“I related to it simply because it took me back to my childhood — how I grew up, where I grew up, but probably more so the era in which I grew up,” he adds.

Undoubtedly, that degree of nostalgia contributed to the song’s success. During a year-plus period when the only constants in his fans’ lives have been uncertainty, stress and upheaval, Moore’s brand of traditional-leaning, nostalgia-driven songwriting is nothing short of country music comfort food.

“I might steal that. I like that. It is kinda comfort food, in a way,” Moore laughs, when asked if his steadfast commitment to traditionalism — both in subject matter and style — has taken on new meaning or greater importance over the course of the last couple of years. “I don’t feel as though I’m obligated to fill that role, necessarily. I’m just kinda being who I am, cutting the music that I love and that I relate to, and that I believe other people do as well.

“I love traditional country,” he shrugs. “That’s not a knock against any other kind of country. It’s just what I love doing and what I grew up on. Quite honestly, it’s what I feel like I do better than anything else. So at this stage in my career, I’m not trying to chase any trend out there just to stay on radio. We’ve been there for 14 years now, thanks to country radio.”

Justin Moore; Photo by Cody Villalobos
Justin Moore; Photo by Cody Villalobos

That’s not to say that Moore hasn’t focused more on his social media following or looked for virtual ways to connect with fans while he’s been off the road. But he’s done so in ways that feel authentic to him, like starting his own The Justin Moore Podcast, and using that platform to field questions from his followers.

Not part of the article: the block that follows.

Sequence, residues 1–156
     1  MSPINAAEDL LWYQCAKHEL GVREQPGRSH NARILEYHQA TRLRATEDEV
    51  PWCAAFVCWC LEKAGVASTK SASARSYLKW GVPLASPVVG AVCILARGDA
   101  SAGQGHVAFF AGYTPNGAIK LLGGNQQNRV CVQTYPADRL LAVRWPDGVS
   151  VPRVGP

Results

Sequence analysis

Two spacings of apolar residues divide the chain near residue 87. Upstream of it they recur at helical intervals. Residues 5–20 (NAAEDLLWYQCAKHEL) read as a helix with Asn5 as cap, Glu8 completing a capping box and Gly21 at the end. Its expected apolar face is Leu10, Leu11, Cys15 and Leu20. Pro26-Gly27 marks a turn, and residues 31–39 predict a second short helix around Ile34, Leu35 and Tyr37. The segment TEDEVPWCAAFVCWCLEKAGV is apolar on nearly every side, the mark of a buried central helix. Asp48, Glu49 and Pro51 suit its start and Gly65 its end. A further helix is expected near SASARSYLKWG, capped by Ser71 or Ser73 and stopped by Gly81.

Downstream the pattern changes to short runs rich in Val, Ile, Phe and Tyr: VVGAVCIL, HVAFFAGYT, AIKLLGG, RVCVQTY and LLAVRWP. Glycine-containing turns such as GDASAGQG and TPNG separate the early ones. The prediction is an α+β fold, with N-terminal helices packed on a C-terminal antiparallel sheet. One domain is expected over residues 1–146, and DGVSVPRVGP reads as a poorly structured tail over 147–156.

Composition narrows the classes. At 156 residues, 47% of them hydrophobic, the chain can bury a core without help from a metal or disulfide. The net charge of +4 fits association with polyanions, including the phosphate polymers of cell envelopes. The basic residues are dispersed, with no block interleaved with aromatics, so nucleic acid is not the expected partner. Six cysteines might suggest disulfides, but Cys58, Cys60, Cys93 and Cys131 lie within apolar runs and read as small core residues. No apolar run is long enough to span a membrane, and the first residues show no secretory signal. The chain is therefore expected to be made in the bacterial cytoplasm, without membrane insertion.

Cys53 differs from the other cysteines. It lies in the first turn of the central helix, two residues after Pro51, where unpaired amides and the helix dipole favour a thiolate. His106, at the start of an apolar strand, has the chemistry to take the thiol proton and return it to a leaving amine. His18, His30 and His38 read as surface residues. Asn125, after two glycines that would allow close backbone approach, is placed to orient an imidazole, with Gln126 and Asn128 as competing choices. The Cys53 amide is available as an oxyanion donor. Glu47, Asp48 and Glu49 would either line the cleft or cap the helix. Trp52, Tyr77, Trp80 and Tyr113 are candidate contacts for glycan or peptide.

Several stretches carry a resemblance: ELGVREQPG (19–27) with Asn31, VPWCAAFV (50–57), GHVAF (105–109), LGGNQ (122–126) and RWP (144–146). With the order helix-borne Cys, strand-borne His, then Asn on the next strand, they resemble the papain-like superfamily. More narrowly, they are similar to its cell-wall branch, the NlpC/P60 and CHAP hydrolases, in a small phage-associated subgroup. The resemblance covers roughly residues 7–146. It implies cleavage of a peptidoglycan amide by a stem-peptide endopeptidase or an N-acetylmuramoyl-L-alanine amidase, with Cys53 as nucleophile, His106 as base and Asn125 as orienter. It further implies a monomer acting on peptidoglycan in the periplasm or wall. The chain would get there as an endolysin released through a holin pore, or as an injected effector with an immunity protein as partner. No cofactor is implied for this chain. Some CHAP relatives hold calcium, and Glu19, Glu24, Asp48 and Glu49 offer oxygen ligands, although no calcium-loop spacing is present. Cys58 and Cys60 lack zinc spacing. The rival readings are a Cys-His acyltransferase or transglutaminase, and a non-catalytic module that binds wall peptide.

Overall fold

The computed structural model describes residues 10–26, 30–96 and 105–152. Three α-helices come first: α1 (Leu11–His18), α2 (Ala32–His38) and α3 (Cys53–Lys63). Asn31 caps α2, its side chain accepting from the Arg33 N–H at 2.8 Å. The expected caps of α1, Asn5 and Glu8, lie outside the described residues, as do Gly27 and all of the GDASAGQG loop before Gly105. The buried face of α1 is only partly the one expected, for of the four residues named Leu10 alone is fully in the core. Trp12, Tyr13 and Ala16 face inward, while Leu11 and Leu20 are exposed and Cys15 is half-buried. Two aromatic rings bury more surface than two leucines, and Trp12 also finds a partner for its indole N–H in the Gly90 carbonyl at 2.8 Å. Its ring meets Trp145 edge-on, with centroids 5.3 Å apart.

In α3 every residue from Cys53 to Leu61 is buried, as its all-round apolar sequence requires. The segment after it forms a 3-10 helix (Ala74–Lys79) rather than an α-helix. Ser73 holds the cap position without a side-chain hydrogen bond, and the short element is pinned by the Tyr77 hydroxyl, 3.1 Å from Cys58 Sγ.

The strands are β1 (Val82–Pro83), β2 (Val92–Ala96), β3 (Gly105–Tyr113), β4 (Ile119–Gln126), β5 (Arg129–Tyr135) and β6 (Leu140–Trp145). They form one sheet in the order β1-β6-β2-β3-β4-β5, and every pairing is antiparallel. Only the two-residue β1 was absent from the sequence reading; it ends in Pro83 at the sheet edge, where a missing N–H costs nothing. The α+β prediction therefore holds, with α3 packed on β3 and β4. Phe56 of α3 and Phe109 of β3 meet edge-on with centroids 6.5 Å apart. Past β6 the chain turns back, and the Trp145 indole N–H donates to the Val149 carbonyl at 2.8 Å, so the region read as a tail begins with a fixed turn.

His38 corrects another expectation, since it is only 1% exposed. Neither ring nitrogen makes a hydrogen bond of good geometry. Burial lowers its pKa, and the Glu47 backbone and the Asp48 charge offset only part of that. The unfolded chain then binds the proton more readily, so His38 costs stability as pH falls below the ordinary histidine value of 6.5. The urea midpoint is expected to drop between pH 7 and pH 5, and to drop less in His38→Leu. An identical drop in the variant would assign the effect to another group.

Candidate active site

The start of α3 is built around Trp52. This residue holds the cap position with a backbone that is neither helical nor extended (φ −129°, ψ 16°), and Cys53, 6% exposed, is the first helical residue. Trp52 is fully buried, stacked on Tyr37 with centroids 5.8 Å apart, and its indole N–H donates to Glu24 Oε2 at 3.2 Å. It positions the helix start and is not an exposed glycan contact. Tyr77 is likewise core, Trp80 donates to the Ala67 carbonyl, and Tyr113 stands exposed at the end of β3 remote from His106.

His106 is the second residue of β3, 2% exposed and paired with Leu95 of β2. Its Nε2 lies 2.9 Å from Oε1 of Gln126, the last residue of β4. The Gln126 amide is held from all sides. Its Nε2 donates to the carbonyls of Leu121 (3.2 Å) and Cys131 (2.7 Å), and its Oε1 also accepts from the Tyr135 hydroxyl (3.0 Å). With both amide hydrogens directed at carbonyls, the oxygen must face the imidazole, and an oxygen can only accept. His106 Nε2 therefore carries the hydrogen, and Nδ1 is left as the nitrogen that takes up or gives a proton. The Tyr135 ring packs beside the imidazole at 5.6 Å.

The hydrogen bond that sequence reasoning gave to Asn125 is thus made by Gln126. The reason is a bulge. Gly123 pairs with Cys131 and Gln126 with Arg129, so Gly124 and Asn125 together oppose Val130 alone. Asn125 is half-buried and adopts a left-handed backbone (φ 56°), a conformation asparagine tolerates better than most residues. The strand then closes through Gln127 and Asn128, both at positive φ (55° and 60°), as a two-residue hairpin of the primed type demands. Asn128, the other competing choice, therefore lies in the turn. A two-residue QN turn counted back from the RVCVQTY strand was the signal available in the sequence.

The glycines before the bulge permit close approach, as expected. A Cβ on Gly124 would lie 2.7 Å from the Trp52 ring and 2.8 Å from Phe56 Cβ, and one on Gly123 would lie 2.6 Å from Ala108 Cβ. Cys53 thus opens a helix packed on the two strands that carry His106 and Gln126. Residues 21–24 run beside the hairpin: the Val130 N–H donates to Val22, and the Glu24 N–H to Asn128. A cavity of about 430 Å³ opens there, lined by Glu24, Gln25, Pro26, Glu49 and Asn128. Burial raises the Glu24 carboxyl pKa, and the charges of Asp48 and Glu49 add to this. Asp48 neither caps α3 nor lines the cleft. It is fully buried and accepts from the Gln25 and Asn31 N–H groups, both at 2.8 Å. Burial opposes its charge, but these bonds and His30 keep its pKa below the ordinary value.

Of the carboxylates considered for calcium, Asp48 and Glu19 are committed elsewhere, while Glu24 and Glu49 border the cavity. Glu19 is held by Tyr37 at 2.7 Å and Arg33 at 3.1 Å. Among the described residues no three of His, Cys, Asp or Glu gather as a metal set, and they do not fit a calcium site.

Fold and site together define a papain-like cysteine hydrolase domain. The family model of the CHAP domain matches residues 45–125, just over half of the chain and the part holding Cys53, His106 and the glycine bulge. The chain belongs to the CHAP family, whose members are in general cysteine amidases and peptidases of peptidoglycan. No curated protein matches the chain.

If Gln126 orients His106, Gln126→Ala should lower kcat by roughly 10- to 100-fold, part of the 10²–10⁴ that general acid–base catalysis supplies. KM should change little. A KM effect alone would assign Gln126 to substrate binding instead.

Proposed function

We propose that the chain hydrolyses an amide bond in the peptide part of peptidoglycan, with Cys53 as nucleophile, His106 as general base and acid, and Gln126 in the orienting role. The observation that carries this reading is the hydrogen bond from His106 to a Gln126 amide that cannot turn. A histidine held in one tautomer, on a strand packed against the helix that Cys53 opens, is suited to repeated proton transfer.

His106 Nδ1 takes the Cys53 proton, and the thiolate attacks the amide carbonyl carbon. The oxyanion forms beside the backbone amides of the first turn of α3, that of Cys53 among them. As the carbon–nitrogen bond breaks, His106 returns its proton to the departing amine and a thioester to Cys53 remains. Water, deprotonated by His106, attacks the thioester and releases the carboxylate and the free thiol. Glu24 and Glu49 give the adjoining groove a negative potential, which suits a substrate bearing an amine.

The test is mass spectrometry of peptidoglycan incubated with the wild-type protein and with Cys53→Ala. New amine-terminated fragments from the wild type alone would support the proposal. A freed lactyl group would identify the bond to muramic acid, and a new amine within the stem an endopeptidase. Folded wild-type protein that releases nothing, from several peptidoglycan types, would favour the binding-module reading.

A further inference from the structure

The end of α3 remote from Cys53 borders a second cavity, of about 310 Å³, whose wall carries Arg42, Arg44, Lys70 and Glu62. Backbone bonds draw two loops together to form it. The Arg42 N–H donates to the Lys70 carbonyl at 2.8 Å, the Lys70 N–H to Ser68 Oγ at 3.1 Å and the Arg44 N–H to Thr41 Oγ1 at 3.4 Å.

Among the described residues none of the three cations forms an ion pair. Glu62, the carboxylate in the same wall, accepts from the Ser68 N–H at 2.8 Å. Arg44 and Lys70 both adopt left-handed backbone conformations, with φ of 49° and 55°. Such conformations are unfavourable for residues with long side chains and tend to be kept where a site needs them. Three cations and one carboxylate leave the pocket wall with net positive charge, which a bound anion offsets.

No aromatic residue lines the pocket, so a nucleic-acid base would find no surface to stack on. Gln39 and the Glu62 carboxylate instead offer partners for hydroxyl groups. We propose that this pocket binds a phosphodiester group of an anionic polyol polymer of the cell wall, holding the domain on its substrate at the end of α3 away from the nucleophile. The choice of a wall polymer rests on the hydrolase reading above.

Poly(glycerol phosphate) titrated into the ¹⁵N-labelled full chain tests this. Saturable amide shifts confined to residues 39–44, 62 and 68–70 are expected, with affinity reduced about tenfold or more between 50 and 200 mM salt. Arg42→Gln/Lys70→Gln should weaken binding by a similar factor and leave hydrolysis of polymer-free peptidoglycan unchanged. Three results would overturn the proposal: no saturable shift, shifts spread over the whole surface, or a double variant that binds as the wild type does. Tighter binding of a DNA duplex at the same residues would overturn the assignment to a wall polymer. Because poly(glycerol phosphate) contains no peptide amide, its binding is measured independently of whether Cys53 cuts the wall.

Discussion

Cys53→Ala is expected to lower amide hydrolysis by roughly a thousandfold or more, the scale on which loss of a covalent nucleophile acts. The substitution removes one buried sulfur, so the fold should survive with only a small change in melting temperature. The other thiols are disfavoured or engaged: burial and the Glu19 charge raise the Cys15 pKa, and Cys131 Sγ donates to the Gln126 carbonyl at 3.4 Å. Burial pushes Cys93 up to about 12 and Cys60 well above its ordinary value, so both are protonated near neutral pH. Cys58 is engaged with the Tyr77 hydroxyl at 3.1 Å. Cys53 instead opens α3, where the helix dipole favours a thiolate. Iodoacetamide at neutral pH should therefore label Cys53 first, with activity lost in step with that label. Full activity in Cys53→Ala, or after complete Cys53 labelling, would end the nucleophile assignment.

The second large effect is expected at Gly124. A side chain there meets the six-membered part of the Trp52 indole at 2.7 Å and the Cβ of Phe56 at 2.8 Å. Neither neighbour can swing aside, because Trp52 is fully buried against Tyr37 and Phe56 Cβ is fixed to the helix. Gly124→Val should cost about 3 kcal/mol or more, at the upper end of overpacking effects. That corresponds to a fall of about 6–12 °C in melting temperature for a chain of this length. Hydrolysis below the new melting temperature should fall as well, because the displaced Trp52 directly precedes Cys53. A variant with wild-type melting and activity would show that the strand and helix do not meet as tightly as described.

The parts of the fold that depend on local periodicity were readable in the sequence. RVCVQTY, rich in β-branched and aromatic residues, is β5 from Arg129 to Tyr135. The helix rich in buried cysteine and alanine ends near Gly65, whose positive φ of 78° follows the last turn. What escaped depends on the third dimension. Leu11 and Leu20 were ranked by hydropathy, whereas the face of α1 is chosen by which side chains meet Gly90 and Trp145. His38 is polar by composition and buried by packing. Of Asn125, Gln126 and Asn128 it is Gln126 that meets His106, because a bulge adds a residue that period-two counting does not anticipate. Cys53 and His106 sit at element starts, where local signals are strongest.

“It’s allowed us to have a pretty cool engagement with fans longform, where we take a lot of questions off social media on there,” the singer explains. The podcast is one quarantine project he thinks he’ll keep during his post-pandemic career, he goes on to say, in part because he had big plans for what it might become even before he had to halt his touring plans.

“We’re certainly going to continue the podcast. You know, when we started it, we weren’t on the road, but we thought we would be shortly thereafter. Obviously, that didn’t come to fruition,” Moore relates. “But our objective with it was to do it from the road, and kind of give some folks some inside baseball: At all these different places we’re playing at, we might run into different artists, and talk to them for 15 minutes or so. Give fans a little bit of a backstage experience. So that’s something that we’ll continue to do now that we’re back on the road.”